Lake Tahoe improvements will see bond money funds
LAKE TAHOE – The 2009 Nevada Legislature and Gov. Jim Gibbons approved a new law that requires issuance of up to $100 million in general-obligation bonds to pay for environmental improvement projects at Lake Tahoe over the next 10 years.
Lake Tahoe’s famed clarity has been declining and the bonds issued under AB18 will pay for projects to help stop that trend, said Allen Biaggi, director of the Nevada Department of Conservation and Natural Resources.
The bonds also will help water quality, forest management, air quality, transportation, recreation and maintenance projects.
“In general terms, the focus of the money and the projects is Lake Tahoe’s water quality,” Biaggi said. “The reason Lake Tahoe is so special is because of its water clarity and how far down you can see into it.”
Biaggi said recent projects have slowed the decline in Tahoe’s clarity, which currently averages about 70 feet, and the goal is to increase that to 80 feet by 2028. Tahoe has lost an average of one foot of clarity per year since the 1960s.
“The loss of clarity is slowing because water quality projects are working and making a difference,” Biaggi said, adding that the eventual goal is to increase clarity to 100 feet.
The clarity is hurt by sediments from urban areas and nutrients from fertilizers in gardens and lawns, which appear in runoff to the lake. Sediments deflect light on Tahoe’s surface, causing the water to appear muddy, and nutrients can cause algae overbloom.
The environmental projects also will focus on forest health of the Lake Tahoe Basin. Biaggi called forest health important, adding that the June 2007 Angora fire showed that Tahoe Basin forests are in bad shape.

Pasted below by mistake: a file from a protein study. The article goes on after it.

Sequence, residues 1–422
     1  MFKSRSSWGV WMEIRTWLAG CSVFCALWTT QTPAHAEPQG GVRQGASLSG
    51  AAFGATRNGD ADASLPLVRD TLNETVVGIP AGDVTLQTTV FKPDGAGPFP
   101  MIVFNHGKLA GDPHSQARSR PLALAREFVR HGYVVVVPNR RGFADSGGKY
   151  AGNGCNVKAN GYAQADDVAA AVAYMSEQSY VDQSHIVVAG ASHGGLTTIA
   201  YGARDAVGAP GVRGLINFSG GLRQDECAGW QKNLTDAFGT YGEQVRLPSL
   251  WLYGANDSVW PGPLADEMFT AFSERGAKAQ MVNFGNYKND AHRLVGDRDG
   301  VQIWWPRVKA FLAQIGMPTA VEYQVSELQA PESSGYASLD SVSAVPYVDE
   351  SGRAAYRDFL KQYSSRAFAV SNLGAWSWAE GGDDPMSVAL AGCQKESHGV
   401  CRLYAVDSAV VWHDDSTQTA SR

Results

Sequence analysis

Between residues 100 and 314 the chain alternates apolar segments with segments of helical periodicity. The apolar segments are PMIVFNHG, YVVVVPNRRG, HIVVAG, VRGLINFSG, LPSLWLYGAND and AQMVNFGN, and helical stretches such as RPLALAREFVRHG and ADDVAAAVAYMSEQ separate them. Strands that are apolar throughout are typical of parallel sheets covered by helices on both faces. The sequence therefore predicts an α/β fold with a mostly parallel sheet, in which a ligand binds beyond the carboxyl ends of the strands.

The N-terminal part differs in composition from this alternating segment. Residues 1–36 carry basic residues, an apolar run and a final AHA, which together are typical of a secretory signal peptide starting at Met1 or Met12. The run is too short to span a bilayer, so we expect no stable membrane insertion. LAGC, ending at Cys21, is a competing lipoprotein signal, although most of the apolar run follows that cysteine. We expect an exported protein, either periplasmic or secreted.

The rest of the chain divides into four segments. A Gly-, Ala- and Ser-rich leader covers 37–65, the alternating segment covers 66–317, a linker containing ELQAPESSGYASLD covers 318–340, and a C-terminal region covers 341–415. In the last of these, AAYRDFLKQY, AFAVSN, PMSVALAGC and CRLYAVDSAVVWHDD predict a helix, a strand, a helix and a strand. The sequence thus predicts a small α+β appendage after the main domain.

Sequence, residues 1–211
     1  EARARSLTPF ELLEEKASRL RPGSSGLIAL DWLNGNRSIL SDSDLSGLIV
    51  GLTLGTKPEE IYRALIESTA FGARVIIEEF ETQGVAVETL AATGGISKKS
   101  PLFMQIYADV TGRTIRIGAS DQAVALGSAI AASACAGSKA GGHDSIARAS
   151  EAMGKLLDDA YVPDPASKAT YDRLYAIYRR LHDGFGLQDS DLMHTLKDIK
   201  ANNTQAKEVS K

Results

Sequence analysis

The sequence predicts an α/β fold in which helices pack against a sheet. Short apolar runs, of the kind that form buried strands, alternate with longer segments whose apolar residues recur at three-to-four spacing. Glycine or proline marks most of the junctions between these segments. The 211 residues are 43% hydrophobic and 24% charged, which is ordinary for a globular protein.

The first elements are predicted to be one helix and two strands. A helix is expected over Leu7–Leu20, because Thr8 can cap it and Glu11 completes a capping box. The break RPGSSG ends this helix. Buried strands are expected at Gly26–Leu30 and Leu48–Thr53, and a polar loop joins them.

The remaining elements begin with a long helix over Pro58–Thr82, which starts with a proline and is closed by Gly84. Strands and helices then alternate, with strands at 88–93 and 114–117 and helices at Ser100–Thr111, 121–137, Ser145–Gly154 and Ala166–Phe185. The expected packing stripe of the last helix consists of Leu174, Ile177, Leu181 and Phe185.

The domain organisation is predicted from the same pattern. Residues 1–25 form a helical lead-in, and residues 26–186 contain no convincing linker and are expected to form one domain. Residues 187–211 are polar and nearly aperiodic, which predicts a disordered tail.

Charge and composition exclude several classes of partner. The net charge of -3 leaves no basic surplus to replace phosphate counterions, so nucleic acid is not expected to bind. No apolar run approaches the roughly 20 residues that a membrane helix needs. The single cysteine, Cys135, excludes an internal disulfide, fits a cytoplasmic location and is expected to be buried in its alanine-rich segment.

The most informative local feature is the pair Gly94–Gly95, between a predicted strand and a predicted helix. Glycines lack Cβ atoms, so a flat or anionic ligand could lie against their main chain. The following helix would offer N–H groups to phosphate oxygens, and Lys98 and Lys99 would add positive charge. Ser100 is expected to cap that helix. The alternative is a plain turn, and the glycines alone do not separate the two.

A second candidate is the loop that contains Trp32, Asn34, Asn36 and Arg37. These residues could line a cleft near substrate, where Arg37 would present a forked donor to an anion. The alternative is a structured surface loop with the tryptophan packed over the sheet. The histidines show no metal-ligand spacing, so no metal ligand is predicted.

Lake Tahoe forests are overgrown because of fire suppression efforts, Biaggi said. Project money will be used to lower the occurrence and intensity of fires by removing brush and thinning trees.
The $100 million in bonding money funds Nevada’s involvement in Tahoe’s Environmental Improvement Program over the next decade. President Clinton launched the program in 1997.
Nevada and California state and local agencies participate in the program, along with federal agencies, homeowners and businesses. Over half a billion dollars have been spent on water quality and environment improvement projects so far.
Besides the bonding money, lawmakers approved Gibbons’ cuts to Nevada’s share of funding for the bistate Tahoe Regional Planning agency. That cuts this state’s nearly $3.8 million share of TRPA costs over the next two fiscal years by about $1.1 million.
TRPA has already completed budget cuts, Biaggi said, adding, “Nevada has pretty much always met its obligation and there have been times when California hasn’t, so this is not unprecedented.”
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